Every geek is Charlie

Internet and technology professionals must speak up and play a key role in shaping the response to the murders in Paris

je suis charlie 700
Credit: Charlie Hebdo

The murderous attack on the journalists responsible for the French satirical publication "Charlie Hebdo" in Paris this week is entirely horrifying. Settling scores with violence, especially against the unarmed, is the recourse of barbarians -- lower than animals and without defense. To every person affected I extend my heartfelt sympathy.

This was without doubt intended as an act of terrorism. Some politicians act as if "terrorism" means a horrific crime committed by someone who doesn't fit the speaker's own racial and religious profile. But simply because a crime induces terror in people doesn't make it terrorism. To speak as if it does diminishes the concept and groups routine crime -- for which society has millennia of experience and solutions -- into the same bucket as a more subtle and serious phenomenon that preys on the meshed society.

Terrorism isn't only performing a terrifying act. It's provoking society's immune system into attacking itself, making its defense systems attack the values and people they are supposed to be defending. Terrorism is like an autoimmune disorder of democracy. When we focus on the violence instead of the subtlety of the infection, it is easy to succumb as it seeks to provoke us into destroying ourselves.

I refuse to be terrorized, decline the opportunity to hate, and will not succumb to the disease. What does that mean practically?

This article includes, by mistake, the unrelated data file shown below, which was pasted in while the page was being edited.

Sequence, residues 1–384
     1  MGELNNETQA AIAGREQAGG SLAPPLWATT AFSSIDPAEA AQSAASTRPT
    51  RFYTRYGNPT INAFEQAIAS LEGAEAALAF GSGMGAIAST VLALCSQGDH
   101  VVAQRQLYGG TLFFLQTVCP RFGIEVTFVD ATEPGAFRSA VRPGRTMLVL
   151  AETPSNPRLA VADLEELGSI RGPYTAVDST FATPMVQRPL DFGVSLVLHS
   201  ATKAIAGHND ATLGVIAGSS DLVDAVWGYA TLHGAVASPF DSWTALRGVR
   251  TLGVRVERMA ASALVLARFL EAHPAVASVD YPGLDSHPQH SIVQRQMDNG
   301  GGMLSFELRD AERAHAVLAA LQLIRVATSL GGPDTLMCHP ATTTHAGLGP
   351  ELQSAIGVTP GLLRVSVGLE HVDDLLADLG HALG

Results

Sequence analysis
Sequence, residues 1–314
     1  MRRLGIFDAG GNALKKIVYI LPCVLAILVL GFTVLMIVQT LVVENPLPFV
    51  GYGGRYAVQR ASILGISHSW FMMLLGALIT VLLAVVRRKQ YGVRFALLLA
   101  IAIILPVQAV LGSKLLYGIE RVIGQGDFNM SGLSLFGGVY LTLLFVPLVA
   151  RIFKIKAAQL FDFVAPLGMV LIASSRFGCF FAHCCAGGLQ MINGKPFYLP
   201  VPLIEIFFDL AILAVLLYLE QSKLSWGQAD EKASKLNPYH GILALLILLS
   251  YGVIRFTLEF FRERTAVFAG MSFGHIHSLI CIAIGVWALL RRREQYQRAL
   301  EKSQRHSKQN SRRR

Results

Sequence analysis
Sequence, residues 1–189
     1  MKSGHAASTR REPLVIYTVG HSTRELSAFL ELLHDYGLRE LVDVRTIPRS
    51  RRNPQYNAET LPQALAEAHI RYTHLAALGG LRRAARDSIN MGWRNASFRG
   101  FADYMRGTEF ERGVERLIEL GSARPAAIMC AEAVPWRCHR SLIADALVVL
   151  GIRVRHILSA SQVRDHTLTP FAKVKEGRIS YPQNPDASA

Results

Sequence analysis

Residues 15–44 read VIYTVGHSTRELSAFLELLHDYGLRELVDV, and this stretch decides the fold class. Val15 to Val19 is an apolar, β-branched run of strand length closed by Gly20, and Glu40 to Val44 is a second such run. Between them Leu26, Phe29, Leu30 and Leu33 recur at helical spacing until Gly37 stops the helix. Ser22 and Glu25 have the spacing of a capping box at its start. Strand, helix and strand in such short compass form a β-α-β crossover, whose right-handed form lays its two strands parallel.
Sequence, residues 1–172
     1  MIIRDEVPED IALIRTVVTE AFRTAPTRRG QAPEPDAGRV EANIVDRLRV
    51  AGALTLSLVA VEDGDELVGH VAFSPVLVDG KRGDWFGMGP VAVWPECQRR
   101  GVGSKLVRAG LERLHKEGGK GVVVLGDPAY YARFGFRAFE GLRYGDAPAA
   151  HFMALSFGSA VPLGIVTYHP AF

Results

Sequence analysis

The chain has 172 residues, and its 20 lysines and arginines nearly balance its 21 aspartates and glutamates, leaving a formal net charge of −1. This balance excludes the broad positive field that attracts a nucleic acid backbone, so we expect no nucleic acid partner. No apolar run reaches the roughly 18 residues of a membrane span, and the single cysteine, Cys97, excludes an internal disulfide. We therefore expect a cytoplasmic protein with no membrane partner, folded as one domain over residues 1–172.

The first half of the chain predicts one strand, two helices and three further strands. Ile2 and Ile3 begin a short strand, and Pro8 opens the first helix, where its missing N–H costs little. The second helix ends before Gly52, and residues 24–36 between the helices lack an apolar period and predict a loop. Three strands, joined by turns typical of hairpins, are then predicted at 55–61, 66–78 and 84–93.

• To respond with attempts to make society less open is to succumb
  • To respond with advocacy for or against religion is to succumb
  • To respond with hatred of anything except terrorism is to succumb
  • To respond by advocating racism or disrespect for anyone is to succumb
  • To blame the victims or diminish the crime by reference to their actions is to succumb

Responding to terrorism

The defense of openness is especially relevant to the technology community, as we benefit from and can be expected to understand its mechanisms. Acts of terror tend to provoke political responses that desire to ban certain speech, block certain websites, and impose blanket surveillance.

As technologists we understand that the Internet -- along with the technologies surrounding it, such as the Web, mobile devices, open source software, and peer-to-peer protocols -- are designed for resilience and robustness. We must speak out as the inevitable response to this brutal crime emerges.

When politicians ask us to block, ban, censor, and intrude, they demand we corrupt the very technologies that are delivering a foundation for freedom and innovation. That's because technical measures that unavoidably block, ban, and intrude have to break the technologies they parasitize. More than that, they have to be anchored on the demise of general-purpose computing and its replacement with devices that are closed to their users.

We should respond to this act of hate, which is as indefensible to anyone who embraces one of the world's religions as to those who reject them all, by ensuring we do not succumb to the self-destructive reactions that perpetrators of terrorism want to provoke. The best response is to strengthen the open, fair, and tolerant society that terrorism seeks to destroy.

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